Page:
But that is how Tom writes his “biographies,” his literary fictions. He is a terrific poet with a vibrant imagination, and an almost romantic sense of the dynamic relationships of the life he has led among the major literary figures of his lifetime. But he is not so good on actual details. And the problem is that his readers for whatever their various reasons tend to read the fiction as if it were actually biography. That was the problem Maud saw looming. Clark loved Olson at a certain time in their lives. The wild and woolly late 50s and early 60s, the days of the opening of the poetry wars, was a moment of intense bonding for Clark. The problem is that Olson changed. He was in fact always changing, but Clark didn’t know him in his previous incarnation, and didn’t much like him in his later incarnation.
For Olson, the decisive moment was the Berkeley Poetry Conference where he announced his departure from the very world of literature that Clark identifies with. Blame it on the acolytes. Or the drugs. Or Henry Corbin. Or . . . whatever, but someone had to be blamed for the loss of the good Charles, the beat Charles, and the emergence of the guy who talked about angels and primal gods and hung out with students at Buffalo who took him as their teacher. Creeley nails it in his introduction to the second edition of the biography. Clark’s book tells the story of the “poet of historical geography,” Creeley says. In case you missed it that is in implied opposition to the poet of “mythical reality” in which geography erupts with meaning, the poet of further, the poet of the Institute of Further Studies. I am not interested in psychologizing what happened. Sharon Thesen is right on about Clark’s understanding of the importance of Boldereff. He got the importance, even if he didn’t quite get the relationship itself and tends to treat Boldereff as if she were a victim. As Thesen makes absolutely clear, Boldereff was no victim. Clark’s anger at Olson’s “treatment” of Boldereff tells us more about Clark than it does about Olson.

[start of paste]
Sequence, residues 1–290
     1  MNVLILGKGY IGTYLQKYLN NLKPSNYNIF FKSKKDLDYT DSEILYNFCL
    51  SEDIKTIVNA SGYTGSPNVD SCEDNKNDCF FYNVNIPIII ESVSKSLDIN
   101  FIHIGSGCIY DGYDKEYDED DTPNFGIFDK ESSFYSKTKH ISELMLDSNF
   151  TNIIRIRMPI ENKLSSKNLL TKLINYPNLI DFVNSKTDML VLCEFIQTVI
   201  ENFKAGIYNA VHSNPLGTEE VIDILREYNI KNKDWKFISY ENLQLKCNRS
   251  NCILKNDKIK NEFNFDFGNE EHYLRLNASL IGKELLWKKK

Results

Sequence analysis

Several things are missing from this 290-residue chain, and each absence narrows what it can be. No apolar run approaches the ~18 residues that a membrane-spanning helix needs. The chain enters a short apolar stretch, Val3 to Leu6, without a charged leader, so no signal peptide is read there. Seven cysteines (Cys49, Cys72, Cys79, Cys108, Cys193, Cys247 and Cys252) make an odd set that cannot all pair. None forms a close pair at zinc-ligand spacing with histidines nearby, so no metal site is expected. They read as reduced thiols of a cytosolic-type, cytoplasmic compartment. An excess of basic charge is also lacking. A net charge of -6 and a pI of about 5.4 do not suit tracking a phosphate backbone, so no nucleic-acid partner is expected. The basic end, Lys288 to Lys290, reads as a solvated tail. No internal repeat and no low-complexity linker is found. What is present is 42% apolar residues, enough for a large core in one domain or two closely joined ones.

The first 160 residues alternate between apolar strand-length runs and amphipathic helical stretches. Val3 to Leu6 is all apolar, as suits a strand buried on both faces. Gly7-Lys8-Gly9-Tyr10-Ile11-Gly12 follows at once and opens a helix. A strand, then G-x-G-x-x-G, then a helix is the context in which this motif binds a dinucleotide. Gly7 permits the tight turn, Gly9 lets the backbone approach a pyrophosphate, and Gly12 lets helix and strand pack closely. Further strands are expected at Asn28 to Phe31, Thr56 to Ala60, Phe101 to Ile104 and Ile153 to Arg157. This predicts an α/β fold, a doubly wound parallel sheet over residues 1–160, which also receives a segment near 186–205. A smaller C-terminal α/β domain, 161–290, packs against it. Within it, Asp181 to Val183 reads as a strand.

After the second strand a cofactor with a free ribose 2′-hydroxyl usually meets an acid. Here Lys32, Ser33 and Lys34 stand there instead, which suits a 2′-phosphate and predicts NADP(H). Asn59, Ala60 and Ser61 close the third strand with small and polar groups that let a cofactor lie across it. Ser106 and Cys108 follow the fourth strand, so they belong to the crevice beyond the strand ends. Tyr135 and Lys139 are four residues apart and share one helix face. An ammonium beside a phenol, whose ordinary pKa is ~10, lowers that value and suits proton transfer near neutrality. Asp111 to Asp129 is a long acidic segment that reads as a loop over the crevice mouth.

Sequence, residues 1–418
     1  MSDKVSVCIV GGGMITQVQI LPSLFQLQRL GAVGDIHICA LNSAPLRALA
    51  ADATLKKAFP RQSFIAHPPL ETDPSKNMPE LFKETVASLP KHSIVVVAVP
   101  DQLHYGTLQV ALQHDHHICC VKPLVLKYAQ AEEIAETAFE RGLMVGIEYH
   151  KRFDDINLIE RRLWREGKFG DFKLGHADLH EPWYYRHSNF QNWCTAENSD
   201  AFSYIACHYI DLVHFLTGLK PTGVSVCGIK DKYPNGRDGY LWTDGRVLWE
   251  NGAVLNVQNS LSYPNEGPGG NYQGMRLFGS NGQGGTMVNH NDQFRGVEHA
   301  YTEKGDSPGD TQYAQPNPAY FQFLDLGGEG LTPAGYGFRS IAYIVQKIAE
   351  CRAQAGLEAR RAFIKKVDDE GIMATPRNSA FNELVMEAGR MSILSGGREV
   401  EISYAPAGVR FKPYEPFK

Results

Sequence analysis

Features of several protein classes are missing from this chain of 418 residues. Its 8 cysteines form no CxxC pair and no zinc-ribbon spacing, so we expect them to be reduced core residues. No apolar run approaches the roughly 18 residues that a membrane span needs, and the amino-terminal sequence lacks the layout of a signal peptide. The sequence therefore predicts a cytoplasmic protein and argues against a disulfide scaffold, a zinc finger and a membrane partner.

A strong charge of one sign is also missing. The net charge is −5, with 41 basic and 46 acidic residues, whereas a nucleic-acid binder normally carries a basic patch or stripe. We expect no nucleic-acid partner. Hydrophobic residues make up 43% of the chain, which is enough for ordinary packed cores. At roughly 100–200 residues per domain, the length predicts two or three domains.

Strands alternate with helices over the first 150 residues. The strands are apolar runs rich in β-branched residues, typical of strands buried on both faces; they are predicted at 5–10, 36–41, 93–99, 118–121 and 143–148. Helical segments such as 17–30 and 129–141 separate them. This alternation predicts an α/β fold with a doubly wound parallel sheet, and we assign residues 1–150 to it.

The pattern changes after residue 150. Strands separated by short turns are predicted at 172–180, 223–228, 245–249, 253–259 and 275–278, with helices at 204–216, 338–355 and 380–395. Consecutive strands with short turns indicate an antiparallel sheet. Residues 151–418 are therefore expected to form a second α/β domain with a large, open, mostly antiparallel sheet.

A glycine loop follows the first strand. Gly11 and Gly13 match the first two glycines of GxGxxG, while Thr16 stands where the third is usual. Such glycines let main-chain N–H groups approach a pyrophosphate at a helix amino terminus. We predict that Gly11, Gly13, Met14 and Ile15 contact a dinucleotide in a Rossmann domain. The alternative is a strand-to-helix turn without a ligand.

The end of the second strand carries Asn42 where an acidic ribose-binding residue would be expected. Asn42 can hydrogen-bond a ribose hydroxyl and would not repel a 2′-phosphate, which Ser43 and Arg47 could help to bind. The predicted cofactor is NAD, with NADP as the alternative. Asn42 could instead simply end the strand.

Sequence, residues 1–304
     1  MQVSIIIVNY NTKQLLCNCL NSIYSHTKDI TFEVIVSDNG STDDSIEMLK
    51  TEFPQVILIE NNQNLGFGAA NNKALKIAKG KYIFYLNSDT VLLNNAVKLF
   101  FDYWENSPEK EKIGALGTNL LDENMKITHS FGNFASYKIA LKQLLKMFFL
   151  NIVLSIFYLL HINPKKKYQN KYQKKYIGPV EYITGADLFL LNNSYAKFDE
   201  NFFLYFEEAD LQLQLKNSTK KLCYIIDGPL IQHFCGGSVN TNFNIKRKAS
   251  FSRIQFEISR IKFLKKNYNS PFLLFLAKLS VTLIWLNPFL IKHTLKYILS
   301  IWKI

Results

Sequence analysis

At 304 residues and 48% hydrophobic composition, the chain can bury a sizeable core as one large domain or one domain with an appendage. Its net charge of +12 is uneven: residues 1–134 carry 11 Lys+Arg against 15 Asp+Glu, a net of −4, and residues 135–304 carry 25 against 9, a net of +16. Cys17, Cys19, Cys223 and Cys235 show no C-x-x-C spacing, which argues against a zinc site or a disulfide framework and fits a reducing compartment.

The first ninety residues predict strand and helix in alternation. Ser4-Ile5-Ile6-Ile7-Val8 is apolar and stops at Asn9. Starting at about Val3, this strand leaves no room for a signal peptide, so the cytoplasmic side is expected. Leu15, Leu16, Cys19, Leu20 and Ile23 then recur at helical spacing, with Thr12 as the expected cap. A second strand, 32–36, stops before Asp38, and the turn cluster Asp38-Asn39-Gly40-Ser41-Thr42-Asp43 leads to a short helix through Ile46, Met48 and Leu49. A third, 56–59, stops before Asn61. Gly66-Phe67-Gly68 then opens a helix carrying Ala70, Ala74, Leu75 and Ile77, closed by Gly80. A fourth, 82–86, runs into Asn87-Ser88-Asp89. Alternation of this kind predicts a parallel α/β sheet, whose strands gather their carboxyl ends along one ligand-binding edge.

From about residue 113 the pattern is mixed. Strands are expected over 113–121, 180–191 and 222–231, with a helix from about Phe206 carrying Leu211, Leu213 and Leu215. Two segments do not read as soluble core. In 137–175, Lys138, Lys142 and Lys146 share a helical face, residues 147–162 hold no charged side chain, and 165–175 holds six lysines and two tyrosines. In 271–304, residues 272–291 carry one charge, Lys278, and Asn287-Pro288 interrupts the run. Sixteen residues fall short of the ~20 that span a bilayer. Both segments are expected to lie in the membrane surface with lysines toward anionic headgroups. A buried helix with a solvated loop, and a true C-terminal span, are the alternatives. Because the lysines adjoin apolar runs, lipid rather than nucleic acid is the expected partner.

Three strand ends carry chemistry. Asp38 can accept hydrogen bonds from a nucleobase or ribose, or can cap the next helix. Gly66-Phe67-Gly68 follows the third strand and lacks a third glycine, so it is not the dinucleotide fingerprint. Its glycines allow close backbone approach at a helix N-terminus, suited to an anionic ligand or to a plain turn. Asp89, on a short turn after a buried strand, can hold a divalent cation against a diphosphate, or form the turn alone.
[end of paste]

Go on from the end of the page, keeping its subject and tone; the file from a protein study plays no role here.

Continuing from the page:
Perhaps it no longer matters. As Susan Howe noted, “Olson has currently fallen out of favor . . .” He is read by fewer and fewer people, is not present in many classrooms or on many syllabi, and has a very unpleasant reputation as a bully, a drunk, a narcissist, a manipulator, and an exploiter and user of women (many of which traits are central to Clark’s representation) who wrote boring, reference laden, totalizing poems. As Charles Bernstein, in “Undone Business,” wrote: Maximus…falls prey to the impulse to justify America by the appropriation and overlaying of privileged texts (such as the Hesiodic myths, so specifically rooted in their own geographical and historical context) that are ingeniously contorted to appear relevant but are only relevant within the wildest leap of the Gnostic imagination.” Out of favor, indeed. So given Olson is out of favor and out of mind (except for an occasional glib gloss of “The Kingfishers” as a way to establish your unbiased authority as CEO of Avant-garde Poetry International), the continuing argument over differing interpretations of the biography are not just boring and tedious, they are second level boring and tedious. Who cares?
In that sense, Thesen’s essay is just more irrelevant information about events that occurred a long time ago and have been talked to death. Maud, Clark, Olson blah blah blah. But there is a very real sense in which what Thesen gives us is absolutely critical for the survival of poetry. She makes evident both the importance of acknowledging the facts – Ralph’s patriarchal blindness, Olson’s emotional ambiguities, Boldereff’s ambiguous choices, Thesen’s willing participation, and all the rest of it – and locating them as part of a world of dynamic relation between creative, thinking, flawed, beautiful people who made something marvelous even as they sometimes wounded each other. People do that. No amount of sociology or moralizing can ever explain it.